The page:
delphipsmith: (weeping angel)
Yesterday we had to say goodbye to a loving, faithful, sweet-natured companion. We are not good for much today, what with this big hole in our hearts. *snif*

"When the Man waked up he said, 'What is Wild Dog doing here?' And the Woman said, 'His name is not Wild Dog any more, but the First Friend, because he will be our friend for always and always and always.'" -- Rudyard Kipling

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delphipsmith: (books-n-brandy)
I've been AWOL lately due to being occupied co-writing a fic with someone. This is something I've never done before, and I found it peculiarly satisfying. Partly that was because the other person mapped out the plot and all I had to do was write scenes for it (o lazy me!) but also partly because it was so much fun to see the pieces coming together, to craft the transitions so it read seamlessly (or at least so we hope), and to get immediate feedback on chunks of writing before it was anywhere near finished. I'm quite proud of the end product, which turned out to be by far the longest fic I've ever worked on, and look forward to eventually being able to cop to my role in it when the fest reveals go up.

Refinery29 has compiled a millennials' reading list entitled The Book Bucket List: Books to Tackle Before You're Thirty. I've read fourteen of them, which I guess makes me 28% of a millennial? I'm not sure what criteria they used, since Harry Potter is the first one the list, which is nice but I'm not sure what's particularly millennial about it. Quite a few more are on my ever-growing to-read list, though, so perhaps I'll get to them eventually. Maybe before I turn sixty.

In more book-related news, I recently finished Fangirl by Rainbow Rowell, which I absolutely adored. (Is it a coincidence that her name is the same as my favorite sushi item?) Not only are the characters three-dimensional and interesting, they're dealing with serious issues (bipolar disorder, binge drinking, etc.) yet in the end its a heart-warming story about family and friendship, and remembering what really matters in our lives. And its treatment of fandom and fanfic is a delight -- what joy to read a story that treats fic writing with the respect it deserves, and recognized the important place it fills in so many of our hearts!

Finally, I have to share this: Ursula Le Guin's acceptance speech at the recent National Book Awards. I have no words for how very cool this is. Not only is Le Guin an amazing writer, she's also thoughtful and passionate about our craft.

"...the moment that turned attendees' heads...belonged to Ursula K. Le Guin. In
accepting an award for distinguished contribution to American letters, Le Guin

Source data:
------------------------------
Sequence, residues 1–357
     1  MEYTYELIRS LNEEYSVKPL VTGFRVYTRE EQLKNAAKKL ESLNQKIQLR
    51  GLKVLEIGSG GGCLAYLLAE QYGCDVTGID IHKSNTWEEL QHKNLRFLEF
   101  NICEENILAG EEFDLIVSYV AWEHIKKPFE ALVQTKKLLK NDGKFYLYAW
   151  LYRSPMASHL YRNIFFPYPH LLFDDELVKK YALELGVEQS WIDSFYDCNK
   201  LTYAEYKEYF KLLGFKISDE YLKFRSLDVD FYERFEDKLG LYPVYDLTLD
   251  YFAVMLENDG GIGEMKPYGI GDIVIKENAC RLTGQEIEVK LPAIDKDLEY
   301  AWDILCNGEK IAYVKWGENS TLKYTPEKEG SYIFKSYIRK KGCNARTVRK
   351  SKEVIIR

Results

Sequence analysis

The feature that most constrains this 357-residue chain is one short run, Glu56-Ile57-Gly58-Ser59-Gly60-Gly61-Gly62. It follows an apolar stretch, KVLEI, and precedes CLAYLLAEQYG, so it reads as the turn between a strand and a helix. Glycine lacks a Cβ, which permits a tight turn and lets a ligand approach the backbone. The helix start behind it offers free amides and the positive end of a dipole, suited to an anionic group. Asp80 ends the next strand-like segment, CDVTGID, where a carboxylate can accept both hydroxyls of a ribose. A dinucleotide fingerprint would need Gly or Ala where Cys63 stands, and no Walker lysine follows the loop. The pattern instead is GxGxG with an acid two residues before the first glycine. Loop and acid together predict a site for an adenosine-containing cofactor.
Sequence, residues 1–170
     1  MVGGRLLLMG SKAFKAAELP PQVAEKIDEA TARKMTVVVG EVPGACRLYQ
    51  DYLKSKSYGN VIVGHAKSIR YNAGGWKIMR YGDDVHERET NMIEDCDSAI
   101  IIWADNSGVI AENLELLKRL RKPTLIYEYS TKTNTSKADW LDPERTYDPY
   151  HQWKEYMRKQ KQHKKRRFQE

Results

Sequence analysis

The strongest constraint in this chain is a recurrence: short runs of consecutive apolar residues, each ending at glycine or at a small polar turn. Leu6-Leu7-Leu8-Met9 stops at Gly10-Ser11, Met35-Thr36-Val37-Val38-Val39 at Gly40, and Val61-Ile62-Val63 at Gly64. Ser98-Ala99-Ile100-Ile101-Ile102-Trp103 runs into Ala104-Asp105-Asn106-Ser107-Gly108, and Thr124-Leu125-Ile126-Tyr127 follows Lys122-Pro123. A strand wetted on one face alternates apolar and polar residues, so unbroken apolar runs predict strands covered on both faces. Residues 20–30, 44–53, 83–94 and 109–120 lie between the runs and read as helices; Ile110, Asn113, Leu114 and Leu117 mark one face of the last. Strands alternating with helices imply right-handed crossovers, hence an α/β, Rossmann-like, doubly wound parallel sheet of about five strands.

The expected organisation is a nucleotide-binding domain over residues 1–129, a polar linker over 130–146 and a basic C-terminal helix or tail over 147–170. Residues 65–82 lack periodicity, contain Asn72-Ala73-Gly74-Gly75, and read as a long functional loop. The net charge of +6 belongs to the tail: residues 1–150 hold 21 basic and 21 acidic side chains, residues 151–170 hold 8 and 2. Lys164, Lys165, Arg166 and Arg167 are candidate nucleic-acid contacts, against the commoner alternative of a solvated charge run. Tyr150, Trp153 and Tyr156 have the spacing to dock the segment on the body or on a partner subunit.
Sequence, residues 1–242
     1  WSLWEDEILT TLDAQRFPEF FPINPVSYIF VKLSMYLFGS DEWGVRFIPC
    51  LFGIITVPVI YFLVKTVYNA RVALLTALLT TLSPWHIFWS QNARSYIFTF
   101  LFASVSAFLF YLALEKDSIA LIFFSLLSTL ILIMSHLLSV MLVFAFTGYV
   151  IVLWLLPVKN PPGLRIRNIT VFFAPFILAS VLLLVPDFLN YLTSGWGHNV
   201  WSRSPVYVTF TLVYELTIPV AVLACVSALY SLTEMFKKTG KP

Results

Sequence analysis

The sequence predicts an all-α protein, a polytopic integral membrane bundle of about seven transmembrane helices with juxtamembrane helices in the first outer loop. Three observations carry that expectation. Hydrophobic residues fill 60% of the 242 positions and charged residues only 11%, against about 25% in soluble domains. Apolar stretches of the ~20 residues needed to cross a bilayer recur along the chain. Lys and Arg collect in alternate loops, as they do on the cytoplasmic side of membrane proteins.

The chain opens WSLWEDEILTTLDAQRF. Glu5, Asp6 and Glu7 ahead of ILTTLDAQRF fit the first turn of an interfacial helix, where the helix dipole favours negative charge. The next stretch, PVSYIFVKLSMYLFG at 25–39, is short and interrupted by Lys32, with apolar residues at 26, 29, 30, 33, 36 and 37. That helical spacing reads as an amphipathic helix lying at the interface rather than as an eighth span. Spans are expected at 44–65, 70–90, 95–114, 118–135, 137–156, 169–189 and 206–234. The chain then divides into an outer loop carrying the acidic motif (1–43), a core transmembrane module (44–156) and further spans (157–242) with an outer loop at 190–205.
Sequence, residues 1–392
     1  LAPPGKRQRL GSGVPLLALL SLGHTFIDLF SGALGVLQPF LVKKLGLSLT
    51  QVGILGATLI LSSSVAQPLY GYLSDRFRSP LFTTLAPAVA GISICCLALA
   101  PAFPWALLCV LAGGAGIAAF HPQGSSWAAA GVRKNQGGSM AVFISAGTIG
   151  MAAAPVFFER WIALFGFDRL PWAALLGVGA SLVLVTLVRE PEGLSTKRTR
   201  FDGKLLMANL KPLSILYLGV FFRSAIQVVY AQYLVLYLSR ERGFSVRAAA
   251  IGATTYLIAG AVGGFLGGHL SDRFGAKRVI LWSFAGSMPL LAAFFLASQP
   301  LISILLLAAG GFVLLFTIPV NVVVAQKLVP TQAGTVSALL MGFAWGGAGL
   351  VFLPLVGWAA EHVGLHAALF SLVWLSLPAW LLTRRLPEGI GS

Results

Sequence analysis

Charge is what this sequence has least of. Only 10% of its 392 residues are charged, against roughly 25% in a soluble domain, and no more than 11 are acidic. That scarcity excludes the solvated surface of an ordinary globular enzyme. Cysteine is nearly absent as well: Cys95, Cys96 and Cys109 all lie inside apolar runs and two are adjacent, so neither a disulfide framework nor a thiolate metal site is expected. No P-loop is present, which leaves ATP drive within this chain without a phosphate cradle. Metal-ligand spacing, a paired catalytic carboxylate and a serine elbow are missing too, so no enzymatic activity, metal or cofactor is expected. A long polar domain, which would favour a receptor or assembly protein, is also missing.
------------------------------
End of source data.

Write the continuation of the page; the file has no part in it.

delivered an impassioned defense of science fiction — and of writers in general..."
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(transcript available here)
delphipsmith: (live live live)
Reveals went up a little while ago at [ profile] hp_friendship so I can now cop to being the author of "To Understand and To Be Understood," which explores the friendship between Molly Weasley and Tonks. [ profile] squibstress (thank you!) wrote the most wonderful prompt which allowed me to incorporate different aspects of friendship, bits of canon, wolves in fairy tales, and some pet theories about magic, power, gender and Muggle-borns. It was great fun to write and I got some lovely thoughtful comments, which is always a joy for a writer :)

Title: To Understand and To Be Understood (on LJ) (on AO3)
Characters: Molly Weasley, Nymphadora Tonks; cameos by Mad-Eye Moody, Fred and George, Dumbledore and one or two others.
Rating: PG
Warnings: Character death (canon)
Word Count: ~8800
Summary: "One of the most beautiful qualities of true friendship is to understand and to be understood." -- Lucius Annaeus Seneca
Original prompt, from [ profile] squibstress: "They appear to be close-ish in canon. What kind of friendship is it? A few ideas: Maybe Molly sees Tonks as the woman she might have been if she'd made different choices. Does she urge Tonks to pursue Lupin, and maybe get pregnant, out of supportive friendship, or is it something else? Or take the opposite approach: Molly sees Tonks making the same choices she did, and tries to talk her out of it. Or maybe Molly wants to convince Tonks that she doesn't have to choose one or the other--maybe Tonks has choices that weren't open to Molly."
Author's Notes: Thanks to my speedy and eagle-eyed beta, [ profile] nursedarry, for her Britpicks and excellent suggestions. Text in bold was taken directly from Rowling's books. Molly's line about having children being "to decide forever to have your heart go walking around outside your body" is from author Elizabeth Stone. The information about what happens when two werewolves mate under the full moon comes from


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